In the first evening of Performance Space 122’s Old School Benefit on June 22, burlesque artist Julie Atlas Muz fellated a microphone and solo performer John Fleck, via video, advised everyone to “blame homosexuals” for all the culture’s problems. Okwui Okpokwasili read a scene in which two 11-year-old girls discuss orgasms. Choreographer Yvonne Meier barked orders at her dancers such as “friendly snake on caffeine!” and “Medieval goat has a field day!” Various performers and audience members discussed how much blood—real and fake—had spattered the upstairs stage.
It was just another night at P.S.122, except that as of Saturday, there won’t be any more nights like this—not for at least three years. Next week, P.S.122 moves out of the 122 Community Center, a former schoolhouse on the corner of First Avenue and 9th Street, to make way for a $22.8 million renovation project undertaken by the city’s Department of Cultural Affairs and the Department of Design and Construction.
The renovation, which follows the overhaul of the building’s exterior, will render it accessible to those with disabilities. It will also provide a courtyard, a roof deck, many more toilets, and two new theaters for P.S.122 on the fourth and fifth floor (one seating 199, one seating 87). The present ground floor theater will become a gallery and the second floor one will be allocated to fellow tenants Mabou Mines. Maitland Jones of Deborah Berke & Partners, the project’s lead architect, speaks of a design that “unifies the building and makes the place more than the sum of its parts.”
Both P.S.122 and Mabou Mines react to the planned construction with a mix of pleasure and trepidation. Vallejo Gantner, artistic director of P.S.122, says, “We’ve been identified with this building for so long. Losing that is scary. It’s liberating and it’s empowering, but it is nonetheless scary.”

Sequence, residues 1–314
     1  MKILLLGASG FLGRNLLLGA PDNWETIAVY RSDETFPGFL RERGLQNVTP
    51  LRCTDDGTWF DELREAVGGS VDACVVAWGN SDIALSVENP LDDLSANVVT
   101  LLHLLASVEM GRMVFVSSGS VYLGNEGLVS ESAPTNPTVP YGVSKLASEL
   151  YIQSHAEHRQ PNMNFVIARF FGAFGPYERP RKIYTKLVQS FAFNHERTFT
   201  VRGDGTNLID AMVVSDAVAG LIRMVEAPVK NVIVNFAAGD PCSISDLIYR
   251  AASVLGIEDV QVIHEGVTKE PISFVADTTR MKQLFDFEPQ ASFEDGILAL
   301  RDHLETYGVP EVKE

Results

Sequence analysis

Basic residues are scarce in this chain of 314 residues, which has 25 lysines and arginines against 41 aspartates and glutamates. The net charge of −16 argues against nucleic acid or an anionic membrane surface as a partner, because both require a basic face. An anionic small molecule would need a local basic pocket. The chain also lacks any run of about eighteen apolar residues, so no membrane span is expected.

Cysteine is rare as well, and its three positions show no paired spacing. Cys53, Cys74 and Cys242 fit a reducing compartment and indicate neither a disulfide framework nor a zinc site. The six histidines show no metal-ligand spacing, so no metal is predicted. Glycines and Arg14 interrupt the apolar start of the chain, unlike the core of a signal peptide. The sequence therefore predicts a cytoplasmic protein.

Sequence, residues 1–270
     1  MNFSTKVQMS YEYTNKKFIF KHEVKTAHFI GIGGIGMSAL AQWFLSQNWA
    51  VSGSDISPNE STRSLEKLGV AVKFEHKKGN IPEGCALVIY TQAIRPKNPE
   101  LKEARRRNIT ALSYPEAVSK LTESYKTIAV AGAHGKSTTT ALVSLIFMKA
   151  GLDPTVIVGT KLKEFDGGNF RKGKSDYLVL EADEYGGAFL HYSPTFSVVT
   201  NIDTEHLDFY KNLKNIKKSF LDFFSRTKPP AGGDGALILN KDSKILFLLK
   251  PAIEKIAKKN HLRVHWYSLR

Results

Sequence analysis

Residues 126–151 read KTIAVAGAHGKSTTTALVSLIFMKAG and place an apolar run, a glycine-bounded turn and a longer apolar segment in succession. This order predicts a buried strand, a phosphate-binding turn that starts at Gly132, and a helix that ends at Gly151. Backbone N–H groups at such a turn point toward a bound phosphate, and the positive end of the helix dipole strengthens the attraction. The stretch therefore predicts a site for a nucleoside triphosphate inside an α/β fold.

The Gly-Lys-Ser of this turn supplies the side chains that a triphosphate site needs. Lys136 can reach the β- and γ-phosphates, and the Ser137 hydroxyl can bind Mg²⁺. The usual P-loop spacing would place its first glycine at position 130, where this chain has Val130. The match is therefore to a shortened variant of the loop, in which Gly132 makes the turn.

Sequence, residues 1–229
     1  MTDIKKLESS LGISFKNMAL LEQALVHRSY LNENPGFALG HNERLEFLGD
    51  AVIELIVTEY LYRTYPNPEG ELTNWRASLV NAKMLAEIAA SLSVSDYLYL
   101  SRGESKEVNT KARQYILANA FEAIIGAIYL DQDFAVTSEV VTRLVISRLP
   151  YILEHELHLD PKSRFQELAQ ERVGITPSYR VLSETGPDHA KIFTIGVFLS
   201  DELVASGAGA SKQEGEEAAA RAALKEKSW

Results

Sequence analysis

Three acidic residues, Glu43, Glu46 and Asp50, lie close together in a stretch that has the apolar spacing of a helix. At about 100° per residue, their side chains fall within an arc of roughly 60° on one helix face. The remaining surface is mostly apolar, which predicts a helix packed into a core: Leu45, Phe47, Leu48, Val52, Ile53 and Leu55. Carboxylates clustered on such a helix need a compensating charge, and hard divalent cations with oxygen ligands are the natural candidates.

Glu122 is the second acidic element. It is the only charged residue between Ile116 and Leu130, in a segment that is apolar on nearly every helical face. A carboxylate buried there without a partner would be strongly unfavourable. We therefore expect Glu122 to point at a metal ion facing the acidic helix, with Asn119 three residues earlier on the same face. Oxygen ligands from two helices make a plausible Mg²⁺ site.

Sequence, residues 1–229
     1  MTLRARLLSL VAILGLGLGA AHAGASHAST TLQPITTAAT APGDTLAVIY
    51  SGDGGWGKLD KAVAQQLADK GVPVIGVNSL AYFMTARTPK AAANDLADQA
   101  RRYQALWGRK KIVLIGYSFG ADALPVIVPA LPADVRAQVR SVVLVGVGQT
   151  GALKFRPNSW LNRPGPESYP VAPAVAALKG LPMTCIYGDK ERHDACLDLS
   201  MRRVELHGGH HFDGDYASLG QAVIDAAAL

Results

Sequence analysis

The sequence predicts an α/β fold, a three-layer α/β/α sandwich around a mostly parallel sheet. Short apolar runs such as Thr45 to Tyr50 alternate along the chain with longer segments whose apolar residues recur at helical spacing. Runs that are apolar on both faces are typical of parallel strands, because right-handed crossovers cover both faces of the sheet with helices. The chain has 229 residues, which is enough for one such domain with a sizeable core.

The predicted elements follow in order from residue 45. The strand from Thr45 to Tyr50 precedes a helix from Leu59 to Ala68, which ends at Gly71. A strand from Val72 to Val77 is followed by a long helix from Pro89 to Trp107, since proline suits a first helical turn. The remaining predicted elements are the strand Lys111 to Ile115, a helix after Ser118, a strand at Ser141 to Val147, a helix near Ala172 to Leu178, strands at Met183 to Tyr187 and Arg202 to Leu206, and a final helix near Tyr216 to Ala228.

During the next few years. P.S.122 will partner with other spaces, such as the Baryshnikov Arts Center, the Performing Garage, and the Museo del Barrio, to continue presenting work. (They’re also in talks with the Parks Department, a cathedral, and a ping-pong parlor.) “We will be producing all over town,” says Gantner. “For us, the push to move out is an opportunity to completely reinvent ourselves. We’re trying to think of ourselves as a venue for the whole city, as a state of mind.”
While annual budgets will remain approximately the same, rented spaces and nontraditional spaces will make individual shows much more expensive to produce, which means fewer shows will be offered. Still, next year’s COIL Festival, held in January, promises new work from the likes of Young Jean Lee and the TEAM. And in 2012, P.S.122 will launch Apartment X, which will take place in 24 apartments in three different neighborhoods, with each space containing a separate work by the likes of Rimini Protokoll, Peaches, and Bruce LaBruce. P.S.122 also plans to tour theater and dance shows to the U.K., Germany, and Argentina.
And when P.S.122 returns to the building, Gantner promises that the new theaters will provide “a quality of audience experience—in terms of inventiveness, comfort, surprise—that we struggle to offer now. The nature of the spaces as they stand at the moment doesn’t actually serve the work.” Both column-free spaces will offer flexible seating, as well as new light, sound, and video equipment, for which P.S.122 will soon announce a $3 million capital campaign. There’s also a possibility of plein air performance on the roof deck, though Gantner adds, “We have to be very conscious of neighbors around here.”
Mabou Mines, which plans to remain in the building until construction begins, has not yet been able to secure an alternate studio space. Ruth Maleczech, one of the company’s cofounders, worries about the upcoming years in exile. “It is a very long time to be out of the building,” she says. “Plenty of time to put you right out of business.” Yet, she knows that when construction concludes, “We’ll have a lovely space with an incredible legacy.”
Anne Dennin, the chairman of the board of the 122 Community Center, who has campaigned for these renovations for years, says, “At the end of the day, we’ll have a building that will work for everybody—actors, audiences, artists.”